material                                                                                                                                                   In August 2016 LME announced its new initiative, the LMEPrecious. This was developed in response to a market demand and in close consultation with key precious metals stakeholders. Gold and silver will be traded on a daily basis. The yellow metal, gold is also known as the international currency. The single largest demand source for gold is in the production of jewellery, which uses up to 70% of the annual gold consumption. It is estimated that the total demand of gold in jewellery is close to 50 billion USD. Like any other metal, gold is also found in underground mines. he mining of gold is pretty costly as less than 10 grams of gold is received after extracting one ton of ore. After the extraction the the metal is refined and partly purified on the site. This metal is than melted into gold bars, which are sent for detailed refining to reach a sellable form. The refiners make mostly bullion bars or blank jewellery. Blank jewels are mass produced forms of jewels, that will be further worked on by the jeweller.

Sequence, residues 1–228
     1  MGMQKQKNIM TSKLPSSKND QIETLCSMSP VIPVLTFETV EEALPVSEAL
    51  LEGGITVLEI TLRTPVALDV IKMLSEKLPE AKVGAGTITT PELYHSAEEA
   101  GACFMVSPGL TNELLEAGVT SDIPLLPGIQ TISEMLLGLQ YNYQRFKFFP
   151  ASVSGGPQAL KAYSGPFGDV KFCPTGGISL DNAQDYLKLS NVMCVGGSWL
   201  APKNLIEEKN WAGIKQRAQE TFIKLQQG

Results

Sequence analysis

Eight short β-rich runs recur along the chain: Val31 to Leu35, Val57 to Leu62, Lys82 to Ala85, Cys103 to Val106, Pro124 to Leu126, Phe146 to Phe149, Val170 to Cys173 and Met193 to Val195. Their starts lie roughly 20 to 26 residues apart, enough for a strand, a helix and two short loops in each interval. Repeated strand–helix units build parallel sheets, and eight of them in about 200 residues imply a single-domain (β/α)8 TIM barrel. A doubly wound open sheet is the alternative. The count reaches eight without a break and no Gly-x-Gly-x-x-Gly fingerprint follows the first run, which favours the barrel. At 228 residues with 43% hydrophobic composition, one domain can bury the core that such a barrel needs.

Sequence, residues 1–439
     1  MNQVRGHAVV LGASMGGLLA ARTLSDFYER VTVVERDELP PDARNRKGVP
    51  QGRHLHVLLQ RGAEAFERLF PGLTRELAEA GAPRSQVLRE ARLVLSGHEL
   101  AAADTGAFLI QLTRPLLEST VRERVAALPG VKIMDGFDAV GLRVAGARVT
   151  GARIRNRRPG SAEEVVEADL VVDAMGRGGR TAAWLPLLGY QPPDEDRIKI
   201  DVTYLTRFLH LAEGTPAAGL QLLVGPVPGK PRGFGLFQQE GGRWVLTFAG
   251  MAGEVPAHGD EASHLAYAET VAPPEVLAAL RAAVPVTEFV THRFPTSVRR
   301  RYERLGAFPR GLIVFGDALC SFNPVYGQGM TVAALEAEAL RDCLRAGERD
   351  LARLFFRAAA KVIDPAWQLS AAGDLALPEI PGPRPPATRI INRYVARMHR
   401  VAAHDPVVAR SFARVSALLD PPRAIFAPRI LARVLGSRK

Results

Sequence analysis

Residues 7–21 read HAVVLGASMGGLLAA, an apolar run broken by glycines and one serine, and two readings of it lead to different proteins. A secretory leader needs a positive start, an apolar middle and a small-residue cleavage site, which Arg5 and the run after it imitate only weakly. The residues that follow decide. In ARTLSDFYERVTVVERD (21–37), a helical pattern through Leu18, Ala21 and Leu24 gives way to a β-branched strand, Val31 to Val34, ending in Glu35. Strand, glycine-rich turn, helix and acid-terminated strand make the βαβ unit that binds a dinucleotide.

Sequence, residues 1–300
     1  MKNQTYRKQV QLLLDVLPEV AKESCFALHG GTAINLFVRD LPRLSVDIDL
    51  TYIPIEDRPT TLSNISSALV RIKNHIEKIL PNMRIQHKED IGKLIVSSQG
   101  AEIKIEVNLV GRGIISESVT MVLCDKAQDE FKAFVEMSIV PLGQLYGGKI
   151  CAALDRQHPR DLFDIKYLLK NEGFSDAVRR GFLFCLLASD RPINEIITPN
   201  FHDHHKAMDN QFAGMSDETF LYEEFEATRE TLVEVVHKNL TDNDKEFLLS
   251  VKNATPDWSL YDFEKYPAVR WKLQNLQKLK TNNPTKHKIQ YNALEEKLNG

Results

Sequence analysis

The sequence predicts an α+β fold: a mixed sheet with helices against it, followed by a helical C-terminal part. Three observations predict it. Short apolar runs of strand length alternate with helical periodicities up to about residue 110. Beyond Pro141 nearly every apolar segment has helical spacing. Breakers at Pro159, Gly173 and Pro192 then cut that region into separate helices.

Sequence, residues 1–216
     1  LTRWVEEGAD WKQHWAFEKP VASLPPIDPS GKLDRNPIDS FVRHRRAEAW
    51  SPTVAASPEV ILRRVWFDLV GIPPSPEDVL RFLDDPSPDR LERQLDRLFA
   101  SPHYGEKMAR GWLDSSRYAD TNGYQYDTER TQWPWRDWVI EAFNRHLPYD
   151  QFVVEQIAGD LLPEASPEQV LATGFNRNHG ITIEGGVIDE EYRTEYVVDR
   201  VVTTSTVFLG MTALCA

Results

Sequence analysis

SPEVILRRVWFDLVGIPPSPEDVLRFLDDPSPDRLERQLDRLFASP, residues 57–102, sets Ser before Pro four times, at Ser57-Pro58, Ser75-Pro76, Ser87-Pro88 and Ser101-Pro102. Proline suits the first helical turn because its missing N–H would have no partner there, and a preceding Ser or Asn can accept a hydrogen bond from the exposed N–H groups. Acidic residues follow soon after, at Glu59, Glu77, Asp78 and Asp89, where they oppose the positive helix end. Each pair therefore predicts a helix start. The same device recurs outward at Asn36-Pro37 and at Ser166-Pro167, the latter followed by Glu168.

Blank jewel examples

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sources                                                                                                                                                 London Metal Exchange                                                                                                                    Wikipedia                                                                                                                                              Commodity Markets and Derivatives







Planetary Resources


reference for jewellery in economy


Platinum, a precious heavy metal was first used by pre-Columbian South American Natives to produce artefacts. It was referenced in European writings as early as 16th century after the Spanish Conquistadors discovered the white metal in the rivers of Ecuador in 1590. Rarer than many other metals, only about 133 tons of platinum are mined each year compared to 1782 tons of gold.

Platinum is abundant in Asteroids, which are minor planets of the inner Solar System, mainly composed of mineral and rock. The size of asteroids varies greatly, some reaching as much as 1000 km across.

Planetary Resources is a company, who wants to mine Asteroids. o achieve this, they will expand the Earth’s natural resource base by developing a robotic asteroid mining industry.

In 2015 President Obama signed a historic piece of legislation into law that recognises the right of US citizens to own asteroid resources they obtain and encourages the commercial exploration and utilisation of resources from asteroids. This new commercial exploration has been called as the new gold rush.

sources Asteroids, Planetary resources, Platinum








How to Read Donald Duck

reference for jewellery in economy and politics